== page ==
#​563 — July 29, 2021

Read on the Web

Ruby Weekly

Rails Mini Profiler: Performance Profiling for Rails, Made Simple — Rails Mini Profiler provides detailed information about your requests to help you figure out why certain requests perform poorly. Inspired by rack-mini-profiler which you can use more generically on Ruby web apps and APIs.

Hans-Jörg Schnedlitz

Building an HTTP Server in Ruby 3 with Fibers and Ractors — This is part of a broader series about building an HTTP server in Ruby ‘from the ground up.’ Here, Dmitry shows the difference between approaches involving single and multi threads, fibers, and ractors (though it’s still very early days there).

Dmitry Ishkov

Learn, Grow and Empower Your Engineering Team — Grow your leadership skills and build a healthy team culture that delivers business results. Our Leadership Hub, Workshops, and Tech Leadership Coaching help new and experienced managers anticipate and overcome everyday challenges.

Blackmill sponsor

RubyMine 2021.2 Released — RubyMine is a popular (but commercial) Ruby IDE offering refactoring, debugging, code assistance, and numerous other conveniences out of the box. This new version can lean on Ruby 3’s RBS signatures to provide even better code completion.


Making Rails Run Just a Few Tests Faster — Jorge created a (now merged) pull request to Rails that only enables parallel testing if the number of tests is above a threshold that justifies the overhead.

Jorge Manrubia (Basecamp)



Backend Engineer | Remote Within CET (-2/+2 Hours) | Full-Time — Join us as a Backend Engineer to create the finance solution all businesses love - Tailor made remote policy or relocation package.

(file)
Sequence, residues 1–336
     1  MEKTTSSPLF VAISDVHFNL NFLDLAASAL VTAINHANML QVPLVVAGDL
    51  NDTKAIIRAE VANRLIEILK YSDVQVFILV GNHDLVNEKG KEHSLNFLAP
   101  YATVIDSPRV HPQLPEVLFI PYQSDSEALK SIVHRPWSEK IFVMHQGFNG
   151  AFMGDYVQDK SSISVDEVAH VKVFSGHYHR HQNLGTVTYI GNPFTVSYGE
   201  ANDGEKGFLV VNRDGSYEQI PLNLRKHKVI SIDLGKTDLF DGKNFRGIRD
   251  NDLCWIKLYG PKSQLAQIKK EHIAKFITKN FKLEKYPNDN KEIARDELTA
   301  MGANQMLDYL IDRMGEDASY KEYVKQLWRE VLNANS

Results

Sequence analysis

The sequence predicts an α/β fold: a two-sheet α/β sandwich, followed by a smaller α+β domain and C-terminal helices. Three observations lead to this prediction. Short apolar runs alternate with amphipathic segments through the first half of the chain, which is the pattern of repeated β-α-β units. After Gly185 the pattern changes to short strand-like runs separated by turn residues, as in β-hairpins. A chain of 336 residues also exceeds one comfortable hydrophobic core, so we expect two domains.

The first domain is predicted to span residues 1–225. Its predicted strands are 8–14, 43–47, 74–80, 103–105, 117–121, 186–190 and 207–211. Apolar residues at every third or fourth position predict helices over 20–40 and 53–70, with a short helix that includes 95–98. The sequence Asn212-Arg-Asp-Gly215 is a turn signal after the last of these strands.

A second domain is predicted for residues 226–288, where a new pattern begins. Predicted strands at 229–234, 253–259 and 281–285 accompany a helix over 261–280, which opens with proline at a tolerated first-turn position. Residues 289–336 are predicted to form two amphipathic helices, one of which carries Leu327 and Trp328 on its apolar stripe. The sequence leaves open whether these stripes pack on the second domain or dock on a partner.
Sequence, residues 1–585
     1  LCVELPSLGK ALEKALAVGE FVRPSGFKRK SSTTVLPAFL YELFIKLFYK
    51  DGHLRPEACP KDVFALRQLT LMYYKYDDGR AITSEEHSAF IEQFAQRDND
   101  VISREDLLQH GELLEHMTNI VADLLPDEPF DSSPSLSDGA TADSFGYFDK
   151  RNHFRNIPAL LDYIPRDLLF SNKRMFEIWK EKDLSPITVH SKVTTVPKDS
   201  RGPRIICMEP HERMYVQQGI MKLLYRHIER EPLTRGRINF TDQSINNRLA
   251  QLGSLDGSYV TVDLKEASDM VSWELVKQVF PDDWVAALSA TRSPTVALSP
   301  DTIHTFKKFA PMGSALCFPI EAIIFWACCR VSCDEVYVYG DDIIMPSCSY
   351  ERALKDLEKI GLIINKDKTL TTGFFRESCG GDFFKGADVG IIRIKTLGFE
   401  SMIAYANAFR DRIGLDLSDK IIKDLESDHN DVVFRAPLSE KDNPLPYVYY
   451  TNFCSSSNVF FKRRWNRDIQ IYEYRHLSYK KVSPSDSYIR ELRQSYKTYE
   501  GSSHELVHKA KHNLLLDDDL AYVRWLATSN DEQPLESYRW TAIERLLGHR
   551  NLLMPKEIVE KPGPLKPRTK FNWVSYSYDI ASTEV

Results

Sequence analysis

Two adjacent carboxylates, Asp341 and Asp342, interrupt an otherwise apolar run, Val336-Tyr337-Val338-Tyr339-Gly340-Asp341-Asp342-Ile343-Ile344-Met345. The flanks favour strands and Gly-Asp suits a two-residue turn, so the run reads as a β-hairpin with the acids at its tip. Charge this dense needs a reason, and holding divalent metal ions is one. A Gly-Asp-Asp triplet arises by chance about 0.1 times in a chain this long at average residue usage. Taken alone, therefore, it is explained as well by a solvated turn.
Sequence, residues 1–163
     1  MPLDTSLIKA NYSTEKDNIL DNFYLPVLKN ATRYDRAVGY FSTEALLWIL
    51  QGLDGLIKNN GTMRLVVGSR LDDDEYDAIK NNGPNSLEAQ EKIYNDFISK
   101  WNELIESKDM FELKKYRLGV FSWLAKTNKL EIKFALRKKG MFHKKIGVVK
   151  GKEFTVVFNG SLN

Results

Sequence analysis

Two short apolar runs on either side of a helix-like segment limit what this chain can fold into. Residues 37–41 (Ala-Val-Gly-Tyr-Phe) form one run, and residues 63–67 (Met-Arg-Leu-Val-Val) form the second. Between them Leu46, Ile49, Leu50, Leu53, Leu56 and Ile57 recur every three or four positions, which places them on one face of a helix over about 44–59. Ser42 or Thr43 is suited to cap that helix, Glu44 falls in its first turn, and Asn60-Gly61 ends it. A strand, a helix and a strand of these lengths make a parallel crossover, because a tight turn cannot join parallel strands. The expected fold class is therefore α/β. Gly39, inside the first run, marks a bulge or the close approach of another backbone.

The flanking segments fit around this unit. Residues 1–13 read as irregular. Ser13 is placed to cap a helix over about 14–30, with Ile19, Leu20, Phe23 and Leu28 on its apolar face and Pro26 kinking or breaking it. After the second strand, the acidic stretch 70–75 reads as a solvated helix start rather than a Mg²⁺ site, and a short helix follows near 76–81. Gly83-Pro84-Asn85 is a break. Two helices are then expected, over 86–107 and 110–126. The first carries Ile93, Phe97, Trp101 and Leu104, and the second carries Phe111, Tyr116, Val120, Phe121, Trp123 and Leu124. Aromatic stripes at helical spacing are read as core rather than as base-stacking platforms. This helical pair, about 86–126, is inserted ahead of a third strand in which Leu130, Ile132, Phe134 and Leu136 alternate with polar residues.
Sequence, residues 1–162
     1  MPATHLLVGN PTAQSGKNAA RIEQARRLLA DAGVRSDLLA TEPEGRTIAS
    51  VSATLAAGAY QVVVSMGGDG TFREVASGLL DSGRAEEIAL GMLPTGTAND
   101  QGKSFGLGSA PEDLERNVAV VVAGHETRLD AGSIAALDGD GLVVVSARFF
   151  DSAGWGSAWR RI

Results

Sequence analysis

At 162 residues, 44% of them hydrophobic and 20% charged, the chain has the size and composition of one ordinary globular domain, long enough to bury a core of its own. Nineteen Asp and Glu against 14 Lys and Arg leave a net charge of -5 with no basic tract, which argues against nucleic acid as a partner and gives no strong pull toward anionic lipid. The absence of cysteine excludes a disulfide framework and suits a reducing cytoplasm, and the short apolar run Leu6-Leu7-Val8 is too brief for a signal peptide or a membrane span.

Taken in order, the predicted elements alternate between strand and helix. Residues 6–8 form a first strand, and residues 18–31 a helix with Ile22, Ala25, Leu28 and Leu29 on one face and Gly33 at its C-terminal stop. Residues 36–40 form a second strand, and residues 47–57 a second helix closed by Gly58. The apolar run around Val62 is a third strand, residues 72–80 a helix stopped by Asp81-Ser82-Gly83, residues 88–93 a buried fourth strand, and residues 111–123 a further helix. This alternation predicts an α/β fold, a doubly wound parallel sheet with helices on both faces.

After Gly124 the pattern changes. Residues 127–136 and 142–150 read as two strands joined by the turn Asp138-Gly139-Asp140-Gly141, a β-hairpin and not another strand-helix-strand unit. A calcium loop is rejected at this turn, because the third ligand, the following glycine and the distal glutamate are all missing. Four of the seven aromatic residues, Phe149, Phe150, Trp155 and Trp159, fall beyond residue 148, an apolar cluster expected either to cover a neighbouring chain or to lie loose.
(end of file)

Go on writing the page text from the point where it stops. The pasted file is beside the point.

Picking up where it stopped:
Senior Software Engineer (Remote in the US) — Snapdocs is now a Unicorn with a $1.5B+ valuation. We’re a SaaS product disrupting the mortgage and real-estate industry. Join our growing distributed team. ROR, Go, Postgres, React, AWS.

Find Ruby Jobs with Hired — Create a profile on Hired to connect with hiring managers at growing startups and Fortune 500 companies. It's free for job-seekers.

📕 Articles & Tutorials

All You Need to Know About Netcat (nc) — This isn’t about Ruby specifically but if you’re on a POSIX-compliant OS you almost certainly have nc available and it’s well worth knowing how to use the “TCP/IP / networking swiss army knife.”

Michael Ikua

Webpack All the Assets? — With the release of Rails 6, Webpack was introduced as the default JavaScript bundler but what about using it to handle all the assets in an app?

Ariel Juodziukynas

A Quick Way to Run a Ruby Script in Kubernetes — Need to run a quick Ruby script on a live Kubernetes cluster? It’s possible to do without creating a custom container.

Kir Shatrov

Ruby Ractor Experiments: Safe Async Communication — It’s a few months old, but the example implementation of a buffered queue monitored by the sender to avoid memory exhaustion is still worth a study.

Ivo Anjo

Crunchy Bridge: Fully Managed Multi-Cloud Postgres

Crunchy Bridge sponsor

How to Ignore 'Bullet' in RSpec TestsBullet is a tool for monitoring your app’s queries to find inefficiencies you can resolve in your code. But in testing it can sometimes have false positives you need to silence.

Tony Osbourn